Fifteen minutes later I arrived at the train station, sweating. The station was huge, resembling an airport more than a train station. I went to the check-in desks to find out what I had to do and I even had to check my big backpack in like you do with a flight. I had about half an hour to spare which I spent wandering around the shops and got some food.
I hung around in the gate lounge for the last fifteen minutes to make sure I got on quickly for a good seat as it was first on first choice. The gate opened and we all walked out to the train and there it was. The biggest train I’d ever seen; made all of silver metal and higher than a double-decker bus. This thing looked menacing. A lot of tourists stopped to take photos, and in hindsight I wish I had too, but I headed straight for the doors. I didn’t want to spend a thirty hour journey in a crap seat. I got on and was told I should go upstairs, which I was hoping for, and I found myself a nice seat next to a window. By the time we set off the seat next to me was still free so I was happy as can be. The seats were great; they reclined backwards, footrests came up, there was enough legroom for a giant. Combine two seats next to each other with footrests up and reclined and you’ve effectively got a small bed.
A voice over the loudspeaker informed us that we had two stops in quick succession within the first hour for more passengers and then we were not stopping again for hours upon hours. I looked around and saw quite a lot of empty seats so I was hoping that no one would sit next to me. The first stop was called St. Louis I think and quite a lot of people came on, they all looked like locals rather than travellers. A lot of people had brought on full duvets and pillows with them. It only just dawned on me then that I had no cover or pillow for this thirty hour journey - I’d checked my backpack in that contained my sleeping bag so I was a bit gutted. Oh well, I was happy, I was on the train, I hadn’t missed it and nothing had gone wrong.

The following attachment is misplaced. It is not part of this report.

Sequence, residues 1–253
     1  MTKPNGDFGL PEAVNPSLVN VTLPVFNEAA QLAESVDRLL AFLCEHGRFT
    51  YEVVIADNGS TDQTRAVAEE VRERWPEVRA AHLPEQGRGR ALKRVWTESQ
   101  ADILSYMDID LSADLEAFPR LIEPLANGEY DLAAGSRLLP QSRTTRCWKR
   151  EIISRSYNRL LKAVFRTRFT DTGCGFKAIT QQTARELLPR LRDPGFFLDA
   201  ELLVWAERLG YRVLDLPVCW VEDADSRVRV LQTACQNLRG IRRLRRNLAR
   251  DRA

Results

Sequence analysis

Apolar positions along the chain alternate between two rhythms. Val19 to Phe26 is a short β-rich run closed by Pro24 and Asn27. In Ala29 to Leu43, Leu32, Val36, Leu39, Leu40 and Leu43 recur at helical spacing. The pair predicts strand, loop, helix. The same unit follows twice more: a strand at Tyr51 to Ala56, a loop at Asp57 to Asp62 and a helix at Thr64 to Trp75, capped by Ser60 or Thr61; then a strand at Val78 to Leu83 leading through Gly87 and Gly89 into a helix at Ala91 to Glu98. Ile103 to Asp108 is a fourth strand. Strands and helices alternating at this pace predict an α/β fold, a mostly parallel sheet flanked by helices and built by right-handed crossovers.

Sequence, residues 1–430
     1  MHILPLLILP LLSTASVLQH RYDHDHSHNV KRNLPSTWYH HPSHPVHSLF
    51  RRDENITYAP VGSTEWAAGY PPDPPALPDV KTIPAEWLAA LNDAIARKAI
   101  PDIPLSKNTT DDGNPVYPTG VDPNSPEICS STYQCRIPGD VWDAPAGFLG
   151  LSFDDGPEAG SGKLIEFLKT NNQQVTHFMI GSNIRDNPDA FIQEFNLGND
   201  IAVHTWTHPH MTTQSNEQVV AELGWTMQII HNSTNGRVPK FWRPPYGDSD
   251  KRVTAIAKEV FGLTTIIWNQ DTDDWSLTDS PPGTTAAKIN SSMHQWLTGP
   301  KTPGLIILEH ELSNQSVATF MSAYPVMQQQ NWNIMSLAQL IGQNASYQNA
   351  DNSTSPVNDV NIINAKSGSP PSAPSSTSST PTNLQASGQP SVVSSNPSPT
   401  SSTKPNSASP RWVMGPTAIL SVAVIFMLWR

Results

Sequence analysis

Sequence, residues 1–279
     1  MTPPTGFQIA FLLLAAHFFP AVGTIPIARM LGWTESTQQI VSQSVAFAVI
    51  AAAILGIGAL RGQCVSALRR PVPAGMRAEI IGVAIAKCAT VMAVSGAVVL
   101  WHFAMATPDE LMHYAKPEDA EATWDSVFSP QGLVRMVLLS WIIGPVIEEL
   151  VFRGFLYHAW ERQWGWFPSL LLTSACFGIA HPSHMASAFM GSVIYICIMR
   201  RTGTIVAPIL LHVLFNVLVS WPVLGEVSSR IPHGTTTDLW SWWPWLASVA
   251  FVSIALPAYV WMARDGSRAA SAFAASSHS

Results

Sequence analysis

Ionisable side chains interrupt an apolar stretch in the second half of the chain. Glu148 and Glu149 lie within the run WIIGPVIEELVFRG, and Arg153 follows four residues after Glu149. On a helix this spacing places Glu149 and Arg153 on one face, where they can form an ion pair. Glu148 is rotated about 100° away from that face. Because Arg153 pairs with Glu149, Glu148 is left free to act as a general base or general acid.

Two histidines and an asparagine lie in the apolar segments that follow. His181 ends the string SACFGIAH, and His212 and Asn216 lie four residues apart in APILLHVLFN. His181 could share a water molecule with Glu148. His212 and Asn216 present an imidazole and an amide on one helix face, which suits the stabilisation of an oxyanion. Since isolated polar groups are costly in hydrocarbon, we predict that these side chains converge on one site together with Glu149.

The train stopped again not long after for the last load of passengers. It was the last hurdle; I sat there again hoping no one would sit next to me. Just then a massive duvet landed next to me. It was so big it filled its own seat and came on to mine. I looked up to see a massive fat black guy that had just offloaded the bedding. I’m not sure why I’m telling you that he was black – I just feel it adds to the imagery. Anyway, luckily after a few minutes he must have spotted a better spot because he got his bedding and disappeared down the train. I was home free – two massive seats to myself!
Even though I had no bedding or anything, I was prepared for the thirty hour journey on another level; to not get bored. I had my laptop with movies on, my Kindle e-reader, and my mp3 player. I wasn’t going to get bored easily. I spent the afternoon and evening doing a mix of reading Carl Sagan’s brilliant Cosmos and making a video compilation from my time in Washington D.C. I’d also tried to prepare a little bit on the food front, buying a load of stuff before arriving at the train station. I thought I had enough for the whole journey but I got greedy and ate it all in that first evening.